5

We have often pointed out that we will ordinarily give deference to the expertise and experience of the Board in fashioning remedies,8 and we see no abuse of the Board's discretion in this case. The union, however, points to a recent decision of this court, International union of Electrical, Radio & Machine Workers v. N.L.R.B. (Tiidee Products), 138 U.S.App.D.C. 249, 426 F.2d 1243 (1970), in which we remanded a refusal to bargain case to the Board in order that the Board might determine whether it ought to order the 'make whole' relief requested by the union.9 However, we do not think a remand is necessary under the circumstances of this case.

6

There is no indication in the record presently before us that the company wished unnecessarily to delay the final outcome of this dispute. In Tiidee Products, on the other hand, the 'position of the Company (was) palpably without merit with respect to its refusal to bargain.'10 In the instant case the legality of the company's refusal to bargain 'rested on a (factually) debatable question,'11 that is, whether the dismissals, which took place before12 the union's demand for recognition, were for work-related reasons, or to discourage union activities. While we have no doubt that the trial examiner properly determined the facts, there admittedly were great discrepancies between the various accounts of the events leading up to the dismissals. On this record we cannot say that the employer engaged in this litigation in order to delay the final resolution of the dispute. Instead it desired only to obtain an authoritative determination of the validity of the Board's decision. At no time in this action did the company raise the kind of spurious, 'patently frivolous'13 issues which were complained of in Tiidee Products. The Board's order in this case was issued before our decision in Tiidee Products. Under the circumstances, we accept the Board's explanation for refusing to order the further relief requested by the union. We would expect additional remedies or more complete explication in similar situations in cases decided after Tiidee Products.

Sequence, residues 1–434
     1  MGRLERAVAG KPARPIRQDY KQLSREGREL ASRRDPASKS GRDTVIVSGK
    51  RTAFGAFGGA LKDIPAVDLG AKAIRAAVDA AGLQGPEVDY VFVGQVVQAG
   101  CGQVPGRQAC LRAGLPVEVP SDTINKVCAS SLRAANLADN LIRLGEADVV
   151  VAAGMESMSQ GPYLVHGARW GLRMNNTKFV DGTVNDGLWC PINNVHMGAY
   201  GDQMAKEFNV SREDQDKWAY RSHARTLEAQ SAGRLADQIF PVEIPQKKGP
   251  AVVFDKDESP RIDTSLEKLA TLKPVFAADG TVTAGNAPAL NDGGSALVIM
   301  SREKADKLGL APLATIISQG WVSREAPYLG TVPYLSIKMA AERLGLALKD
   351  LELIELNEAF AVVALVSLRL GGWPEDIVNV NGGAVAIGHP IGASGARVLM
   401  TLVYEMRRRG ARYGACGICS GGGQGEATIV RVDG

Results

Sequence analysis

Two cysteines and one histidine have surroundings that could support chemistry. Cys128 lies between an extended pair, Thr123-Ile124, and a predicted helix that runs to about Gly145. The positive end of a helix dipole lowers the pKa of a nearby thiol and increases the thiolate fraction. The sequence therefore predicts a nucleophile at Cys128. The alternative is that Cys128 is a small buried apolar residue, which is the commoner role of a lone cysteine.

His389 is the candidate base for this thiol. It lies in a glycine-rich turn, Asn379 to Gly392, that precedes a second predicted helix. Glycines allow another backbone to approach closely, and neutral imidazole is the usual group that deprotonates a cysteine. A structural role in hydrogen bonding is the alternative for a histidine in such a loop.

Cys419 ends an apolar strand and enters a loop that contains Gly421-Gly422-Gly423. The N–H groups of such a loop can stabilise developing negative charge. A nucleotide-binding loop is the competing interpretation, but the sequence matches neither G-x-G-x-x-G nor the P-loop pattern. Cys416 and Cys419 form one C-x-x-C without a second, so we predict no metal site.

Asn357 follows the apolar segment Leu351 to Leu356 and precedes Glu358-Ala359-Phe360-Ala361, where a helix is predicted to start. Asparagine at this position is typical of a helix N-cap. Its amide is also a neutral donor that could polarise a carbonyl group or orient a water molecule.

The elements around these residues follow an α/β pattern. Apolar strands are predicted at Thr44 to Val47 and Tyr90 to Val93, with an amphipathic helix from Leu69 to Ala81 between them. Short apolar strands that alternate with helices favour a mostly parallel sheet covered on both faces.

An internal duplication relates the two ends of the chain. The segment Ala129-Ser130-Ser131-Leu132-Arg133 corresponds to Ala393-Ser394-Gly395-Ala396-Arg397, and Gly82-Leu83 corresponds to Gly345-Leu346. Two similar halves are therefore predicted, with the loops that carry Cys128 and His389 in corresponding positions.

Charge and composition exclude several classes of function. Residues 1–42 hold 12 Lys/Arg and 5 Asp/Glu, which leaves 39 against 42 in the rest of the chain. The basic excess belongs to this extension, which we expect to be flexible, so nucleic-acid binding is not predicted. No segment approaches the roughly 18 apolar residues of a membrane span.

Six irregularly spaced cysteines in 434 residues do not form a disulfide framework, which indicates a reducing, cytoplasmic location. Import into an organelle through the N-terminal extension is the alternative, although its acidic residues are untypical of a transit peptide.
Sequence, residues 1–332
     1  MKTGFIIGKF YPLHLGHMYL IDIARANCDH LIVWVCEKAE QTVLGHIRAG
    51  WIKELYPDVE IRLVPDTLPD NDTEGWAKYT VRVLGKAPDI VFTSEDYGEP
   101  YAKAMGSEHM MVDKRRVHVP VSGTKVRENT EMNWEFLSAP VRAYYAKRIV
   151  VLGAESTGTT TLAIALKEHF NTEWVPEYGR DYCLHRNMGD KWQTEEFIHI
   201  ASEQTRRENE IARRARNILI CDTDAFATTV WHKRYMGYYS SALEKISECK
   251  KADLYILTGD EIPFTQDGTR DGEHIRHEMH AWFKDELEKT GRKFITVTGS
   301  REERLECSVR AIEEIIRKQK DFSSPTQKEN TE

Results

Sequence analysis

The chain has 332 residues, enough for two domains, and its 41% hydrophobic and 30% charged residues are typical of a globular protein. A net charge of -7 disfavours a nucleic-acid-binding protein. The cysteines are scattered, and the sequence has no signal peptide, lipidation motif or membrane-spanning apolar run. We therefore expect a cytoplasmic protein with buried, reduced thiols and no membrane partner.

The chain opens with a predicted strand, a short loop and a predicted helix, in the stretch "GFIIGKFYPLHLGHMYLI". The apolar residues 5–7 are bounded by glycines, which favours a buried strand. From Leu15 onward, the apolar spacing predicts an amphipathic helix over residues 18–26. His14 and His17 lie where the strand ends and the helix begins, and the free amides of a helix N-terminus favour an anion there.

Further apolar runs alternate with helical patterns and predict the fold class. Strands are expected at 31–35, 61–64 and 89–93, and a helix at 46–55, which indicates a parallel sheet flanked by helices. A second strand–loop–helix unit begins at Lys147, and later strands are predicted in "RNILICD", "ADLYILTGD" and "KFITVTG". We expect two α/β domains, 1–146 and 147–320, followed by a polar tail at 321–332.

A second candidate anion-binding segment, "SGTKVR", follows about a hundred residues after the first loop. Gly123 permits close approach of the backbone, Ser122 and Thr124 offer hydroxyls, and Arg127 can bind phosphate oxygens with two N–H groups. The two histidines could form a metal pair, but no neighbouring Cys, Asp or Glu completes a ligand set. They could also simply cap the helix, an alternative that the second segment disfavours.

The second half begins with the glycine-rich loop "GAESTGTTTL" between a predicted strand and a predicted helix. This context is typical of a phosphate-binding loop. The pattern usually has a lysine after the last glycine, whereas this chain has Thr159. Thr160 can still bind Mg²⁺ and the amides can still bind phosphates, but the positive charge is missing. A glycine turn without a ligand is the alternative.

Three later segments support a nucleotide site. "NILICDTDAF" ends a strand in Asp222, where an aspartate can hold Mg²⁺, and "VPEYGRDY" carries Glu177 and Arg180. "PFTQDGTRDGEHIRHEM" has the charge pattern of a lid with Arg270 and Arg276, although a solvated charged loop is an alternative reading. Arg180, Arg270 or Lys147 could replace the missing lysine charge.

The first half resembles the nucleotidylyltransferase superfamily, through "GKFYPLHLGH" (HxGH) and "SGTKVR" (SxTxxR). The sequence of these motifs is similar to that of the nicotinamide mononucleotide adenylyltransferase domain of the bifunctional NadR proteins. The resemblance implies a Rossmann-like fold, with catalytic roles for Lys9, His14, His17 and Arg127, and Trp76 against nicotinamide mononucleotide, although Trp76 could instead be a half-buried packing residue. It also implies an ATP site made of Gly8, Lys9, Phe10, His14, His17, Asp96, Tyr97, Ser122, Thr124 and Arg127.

7

Since the Board's findings are supported by substantial evidence on the record considered as a whole, and since the Board did not abuse its discretion in determining the proper remedies, we enforce the Board's order and deny the union's petition for review.

8

So ordered.

*

Sitting by designation pursuant to 28 U.S.C. 293(a) (1964)

1

176 NLRB No. 7 (1969). The Board also issued a supplemental decision and order, 178 NLRB No. 117 (1969); see Note 7, infra

2

29 U.S.C. 158(a)(1) (1964)

3

29 U.S.C. 158(a)(3) (1964)

4

29 U.S.C. 158(a)(5) (1964)

5

N.L.R.B. v. Pittsburgh Steamship Co., 337 U.S. 656, 69 S.Ct. 1283, 93 L.Ed. 1602 (1949)

6

176 NLRB No. 7, at 3

7

After the Supreme Court's decision in N.L.R.B. v. Gissel Packing Co., 395 U.S. 575, 89 S.Ct. 1918, 23 L.Ed.2d 547 (1969), on its own motion the Board re-examined its finding of a 8(a)(5) violation and the resulting order to bargain. After soliciting the views of the parties, the Board made findings which comport with the standards established by Gissel and reaffirmed the order to bargain. 178 NLRB No. 117 (1969)

8

e.g., Amalgamated Clothing Workers of America v. N.L.R.B., 125 U.S.App.D.C. 275, 371 F.2d 740 (1966)

9

See also Food Store Employees Union, Local No. 347 v. N.L.R.B., U.S.App.D.C. (Nos. 22,318 and 22,414, decided May 4, 1970)

10

Tiidee Products, supra, 138 U.S.App.D.C. at 256, 426 F.2d at 1250

11

See id., 138 U.S.App.D.C. at 256, 426 F.2d at 1250

12

One employee, Golembeski, was dismissed after the first union demand for recognition

13

Tiidee Products, supra, 138 U.S.App.D.C. at 254, 426 F.2d 1248